Again we begin by organising our standing so that we are lengthened and poised (see standing blog).
Digging, like lifting, requires bending at ankles, knees and hips while keeping our lengthened head, neck, back organisation (see photograph below left). This makes the process of digging less strenuous. Compare this with the photograph on the right where although the knees are bent, I am bending forwards and down by bending the back and also tensing my neck as I need more effort to push the spade into the ground. This is potentially hazardous to my neck, and back.
It is important to keep the length we have achieved by standing with good poise as we move into doing other tasks in the garden.
Lifting: When lifting, we need to bend at the hips, knees and ankles but keep the head, neck, back relationship as it was when standing (see photograph to right). This organisation allows us to use the support from the ground through our feet (see standing blog) and consequently through our backs to aid the lifting process.
If we do not organise ourselves well when lifting we can cause excessive strain on necks, shoulders and back. Not bending sufficiently at the ankles, knees and hips has lead to bending and strain in the shoulders and upper and lower back in the photograph below.
The gardening season is getting underway and it seems timely to give some tips on how to look after yourself when gardening.
I will talk about a different task in each blog.
It is important to be able to stand with a relaxed poise and lengthened spine before you start. This takes practice and for many people, Alexander Technique lessons are needed to provide the awareness required and experience of standing effortlessly. However, I aim to show poor use and good use when standing.
When standing we can find our full height, not by bracing and pushing up but simply by learning not to pull down which is what most of us do most of the time. The picture on the right shows our tendency to pull down, giving rounded shoulders and a tendency to pull the head back (causing neck and back tension) as well as unnatural tilting of the hips and bracing in the back and legs.
We need to notice when we do these things as through habit they will feel completely normal and right. We need to want to change this. Observe what other people do and then yourself. Tell yourself to stop pulling down but do not try to do anything, stop tensing the neck and think up away from your feet with the top of your head, eyes facing forward. Your weight should be going through the front of the heel pad and then spreading through the foot.
Being able to return to a relaxed but lengthened standing position during gardening sessions is essential as it is the starting and ending of most of the movements that we will do.
Many people who practise the Alexander Technique view it’s founder, Frederick Matthias Alexander as a man before his time. He was in effect an observational scientist in his approach to his own use and medical problems. The resulting Alexander Technique being the result of years of making changes in his own use, constantly thinking about his use and observing the outcome, then evaluating the results and finding ways of testing further ideas on how his use could improve. Improvements in his own health and subsequently those to whom he taught his technique confirmed his ideas. Today, when applying the technique, I teach in a similar way, applying the principles discovered by Alexander but constantly observing and evaluating my own and my pupil’s use. The idea that changing ourselves through our thinking when the thinking is directed to a positive change e.g. freeing the neck and therefore lengthening the neck and back, is a powerful tool that we all possess but do not always use. Read ‘Constructive Conscious Control of the Individual’ by F.M. Alexander.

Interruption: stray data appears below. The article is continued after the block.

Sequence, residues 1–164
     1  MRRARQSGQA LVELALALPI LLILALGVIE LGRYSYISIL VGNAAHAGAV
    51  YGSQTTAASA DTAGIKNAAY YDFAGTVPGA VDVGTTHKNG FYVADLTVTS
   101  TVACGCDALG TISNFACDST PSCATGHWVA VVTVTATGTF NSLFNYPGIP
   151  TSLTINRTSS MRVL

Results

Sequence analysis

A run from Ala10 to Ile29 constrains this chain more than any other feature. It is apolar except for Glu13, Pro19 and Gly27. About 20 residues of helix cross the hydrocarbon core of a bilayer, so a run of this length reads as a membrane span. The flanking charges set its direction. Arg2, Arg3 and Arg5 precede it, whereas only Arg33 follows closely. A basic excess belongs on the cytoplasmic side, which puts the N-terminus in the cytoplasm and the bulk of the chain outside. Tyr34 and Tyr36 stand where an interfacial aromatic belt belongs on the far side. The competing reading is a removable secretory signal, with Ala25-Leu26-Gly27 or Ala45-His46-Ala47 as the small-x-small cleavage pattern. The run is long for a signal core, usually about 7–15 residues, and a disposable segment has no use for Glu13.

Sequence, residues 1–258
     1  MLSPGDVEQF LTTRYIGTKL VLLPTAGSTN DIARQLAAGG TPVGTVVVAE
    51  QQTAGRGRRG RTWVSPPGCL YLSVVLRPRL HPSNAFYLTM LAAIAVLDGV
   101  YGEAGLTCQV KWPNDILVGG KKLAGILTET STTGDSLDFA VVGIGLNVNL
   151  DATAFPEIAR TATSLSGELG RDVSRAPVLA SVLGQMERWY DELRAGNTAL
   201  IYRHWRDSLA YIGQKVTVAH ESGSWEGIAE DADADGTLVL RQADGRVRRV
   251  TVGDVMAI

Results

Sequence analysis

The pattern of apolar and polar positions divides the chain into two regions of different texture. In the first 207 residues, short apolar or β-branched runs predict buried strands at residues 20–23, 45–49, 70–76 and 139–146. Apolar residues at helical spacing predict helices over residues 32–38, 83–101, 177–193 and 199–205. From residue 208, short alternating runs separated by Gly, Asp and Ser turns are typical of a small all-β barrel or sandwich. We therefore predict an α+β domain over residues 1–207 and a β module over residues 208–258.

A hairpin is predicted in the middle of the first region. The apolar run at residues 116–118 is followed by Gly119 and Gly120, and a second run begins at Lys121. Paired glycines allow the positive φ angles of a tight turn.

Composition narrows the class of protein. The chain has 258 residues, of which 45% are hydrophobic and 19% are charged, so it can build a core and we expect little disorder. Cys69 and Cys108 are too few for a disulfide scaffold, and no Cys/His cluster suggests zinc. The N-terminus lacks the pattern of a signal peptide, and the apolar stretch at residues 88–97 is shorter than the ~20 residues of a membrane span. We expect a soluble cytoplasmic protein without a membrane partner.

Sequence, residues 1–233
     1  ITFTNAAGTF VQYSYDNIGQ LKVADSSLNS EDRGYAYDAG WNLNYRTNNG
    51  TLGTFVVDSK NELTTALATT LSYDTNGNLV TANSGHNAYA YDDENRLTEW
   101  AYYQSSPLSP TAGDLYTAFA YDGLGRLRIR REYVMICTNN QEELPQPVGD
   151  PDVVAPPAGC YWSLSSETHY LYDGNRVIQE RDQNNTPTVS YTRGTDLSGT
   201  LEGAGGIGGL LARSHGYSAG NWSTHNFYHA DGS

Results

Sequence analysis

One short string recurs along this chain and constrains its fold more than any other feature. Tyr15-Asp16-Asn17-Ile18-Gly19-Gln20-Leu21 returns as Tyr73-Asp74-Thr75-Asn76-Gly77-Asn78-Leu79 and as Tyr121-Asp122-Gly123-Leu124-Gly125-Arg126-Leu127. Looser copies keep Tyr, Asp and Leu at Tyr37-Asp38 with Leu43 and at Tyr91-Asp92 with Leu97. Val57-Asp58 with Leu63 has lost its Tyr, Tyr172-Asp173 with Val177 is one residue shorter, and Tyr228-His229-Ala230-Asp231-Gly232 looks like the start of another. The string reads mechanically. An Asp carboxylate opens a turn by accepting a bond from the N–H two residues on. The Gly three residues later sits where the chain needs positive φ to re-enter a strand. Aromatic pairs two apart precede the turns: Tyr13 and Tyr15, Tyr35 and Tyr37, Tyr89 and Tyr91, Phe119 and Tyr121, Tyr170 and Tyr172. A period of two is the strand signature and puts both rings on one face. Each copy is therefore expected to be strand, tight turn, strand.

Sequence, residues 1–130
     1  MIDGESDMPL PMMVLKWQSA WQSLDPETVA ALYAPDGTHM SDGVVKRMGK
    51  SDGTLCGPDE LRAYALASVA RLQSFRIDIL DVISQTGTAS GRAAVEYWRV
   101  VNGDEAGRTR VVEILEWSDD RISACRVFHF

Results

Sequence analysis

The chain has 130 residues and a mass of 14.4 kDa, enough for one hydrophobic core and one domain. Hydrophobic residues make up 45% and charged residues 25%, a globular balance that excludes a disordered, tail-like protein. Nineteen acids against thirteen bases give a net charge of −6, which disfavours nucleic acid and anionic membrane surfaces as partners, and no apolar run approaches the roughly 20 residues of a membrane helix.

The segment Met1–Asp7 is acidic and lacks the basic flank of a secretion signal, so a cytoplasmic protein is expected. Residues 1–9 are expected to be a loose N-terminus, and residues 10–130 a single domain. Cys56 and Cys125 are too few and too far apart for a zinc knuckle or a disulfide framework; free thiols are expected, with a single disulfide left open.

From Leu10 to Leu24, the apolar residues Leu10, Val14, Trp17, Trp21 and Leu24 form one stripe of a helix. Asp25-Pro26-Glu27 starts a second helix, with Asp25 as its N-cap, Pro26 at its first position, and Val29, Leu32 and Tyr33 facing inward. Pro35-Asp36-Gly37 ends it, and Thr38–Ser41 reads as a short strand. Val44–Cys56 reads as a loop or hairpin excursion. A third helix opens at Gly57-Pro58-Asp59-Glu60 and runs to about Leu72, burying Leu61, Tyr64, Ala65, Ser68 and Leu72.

It has been with interest that several health related articles in the common press have struck a chord with Alexander’s ideas and teaching.
In June 2013 a report in The Times ‘Why technology puts young spines at risk‘ by Rachel Carlyle, describes how chiropractors and osteopaths are reporting a huge increase in the number of children complaining of chronic neck, shoulder and back pain. The article describes how a spine is distorted from its normal elongated ‘S’ shape by sitting badly hunched over a laptop, tablet or smartphone for hours at at time. I have strong feelings about this having been a secondary school teacher and had many children complain of a bad back and observed their poor posture.
STAT has school chair campaign to improve chairs for children www.stat.org.uk and has ongoing contact with several schools. However, for the health of our children there needs to be across the board education of how to sit and work at a desk or computer or laptop with what Alexander calls ‘ good use of the self’. This could be so easily done during PSE or similar classes and there are many Alexander Technique teachers who could help with this.